Yesterday the world and the coaching field lost a great human being. His legendary records have nothing on his life as a teacher, leader and mentor to young men. I read his book Wooden: A Lifetime of Observations and Reflections On and Off the Court and I was amazed at the wisdom that he possessed. Take some time and read some of the maxims that were included in the book.
* The best way to improve the team is to improve ourself.
* Big things are accomplished only through the perfection of minor details.
* Discipline yourself and others won't need to.
* I will get ready and then, perhaps, my chance will come.
* If you don not have the time to do it right, when will you find the time to do it over?
* The smallest good deed is better than the best intention.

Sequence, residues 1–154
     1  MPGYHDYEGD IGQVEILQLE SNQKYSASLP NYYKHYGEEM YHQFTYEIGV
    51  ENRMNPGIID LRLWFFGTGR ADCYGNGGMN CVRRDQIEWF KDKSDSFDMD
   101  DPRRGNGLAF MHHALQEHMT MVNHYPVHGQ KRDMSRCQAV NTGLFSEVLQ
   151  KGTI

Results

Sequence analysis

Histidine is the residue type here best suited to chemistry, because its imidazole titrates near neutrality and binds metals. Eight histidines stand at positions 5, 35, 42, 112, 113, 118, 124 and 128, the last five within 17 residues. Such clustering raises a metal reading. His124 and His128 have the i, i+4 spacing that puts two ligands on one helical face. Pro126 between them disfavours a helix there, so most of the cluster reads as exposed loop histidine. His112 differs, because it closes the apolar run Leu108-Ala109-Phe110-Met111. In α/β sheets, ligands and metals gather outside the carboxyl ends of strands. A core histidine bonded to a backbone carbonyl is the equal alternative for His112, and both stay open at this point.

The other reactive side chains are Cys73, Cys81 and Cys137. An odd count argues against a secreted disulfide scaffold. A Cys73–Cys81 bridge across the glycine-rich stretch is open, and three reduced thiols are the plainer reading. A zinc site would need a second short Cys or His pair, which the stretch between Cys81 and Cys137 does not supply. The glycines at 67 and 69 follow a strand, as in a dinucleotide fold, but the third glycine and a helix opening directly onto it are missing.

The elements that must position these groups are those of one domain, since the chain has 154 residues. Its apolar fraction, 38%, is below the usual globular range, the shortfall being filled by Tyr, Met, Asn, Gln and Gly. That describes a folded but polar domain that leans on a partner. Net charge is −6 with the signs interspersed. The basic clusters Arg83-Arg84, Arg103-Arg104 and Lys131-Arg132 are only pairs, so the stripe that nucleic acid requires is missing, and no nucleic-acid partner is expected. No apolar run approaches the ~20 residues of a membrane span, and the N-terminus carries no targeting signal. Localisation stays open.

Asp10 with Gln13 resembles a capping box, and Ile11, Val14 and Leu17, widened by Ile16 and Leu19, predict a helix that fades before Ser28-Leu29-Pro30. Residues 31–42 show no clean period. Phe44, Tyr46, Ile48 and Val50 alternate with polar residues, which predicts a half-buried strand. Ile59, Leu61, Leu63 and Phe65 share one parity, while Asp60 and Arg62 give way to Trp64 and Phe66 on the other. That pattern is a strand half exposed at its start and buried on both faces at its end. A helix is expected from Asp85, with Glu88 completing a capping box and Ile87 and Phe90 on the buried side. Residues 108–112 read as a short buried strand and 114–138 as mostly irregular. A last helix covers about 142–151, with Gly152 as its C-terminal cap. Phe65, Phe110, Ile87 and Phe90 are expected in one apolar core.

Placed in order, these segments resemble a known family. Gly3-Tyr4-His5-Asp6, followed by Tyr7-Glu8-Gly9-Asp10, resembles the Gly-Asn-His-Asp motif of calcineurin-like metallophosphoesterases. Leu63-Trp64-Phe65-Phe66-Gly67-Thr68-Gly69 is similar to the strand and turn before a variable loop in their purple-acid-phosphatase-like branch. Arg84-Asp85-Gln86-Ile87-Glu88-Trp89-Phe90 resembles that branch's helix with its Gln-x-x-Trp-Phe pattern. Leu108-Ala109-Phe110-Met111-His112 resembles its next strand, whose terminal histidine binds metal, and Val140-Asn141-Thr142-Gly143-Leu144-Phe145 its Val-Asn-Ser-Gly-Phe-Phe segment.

* The man who is afraid to risk failure seldom has to face success.
* Time spent getting even would be better spent trying to get ahead.
* It is what you learn after you know it all that counts.
* Goals achieved with little effort are seldom worthwhile or lasting.
* Tell the truth. That way you don't have to remember a story.
* Don't let making a living prevent you from making a life.
* Although there is no progress without change, not all change is progress.
* Do not permit what you cannot do to interfere with what you can do.
* Be more concerned with your character than your reputation. Character is what you really are; reputation is what you are perceived to be.
* Much can be accomplished by teamwork when no one is concerned about who gets credit.
* Don't permit fear of failure to prevent effort. We are all imperfect and will fail on occasions, but fear of failure is the greatest failure of all.
* The time to make friends is before you need them.
* Nothing can give you greater joy than doing something for another.
* Do not mistake activity for achievement.
* You can do more good by being good than any other way.
* Treat all people with dignity and respect.
* Acquire peace of mind by making the effort to become the best of which you are capable.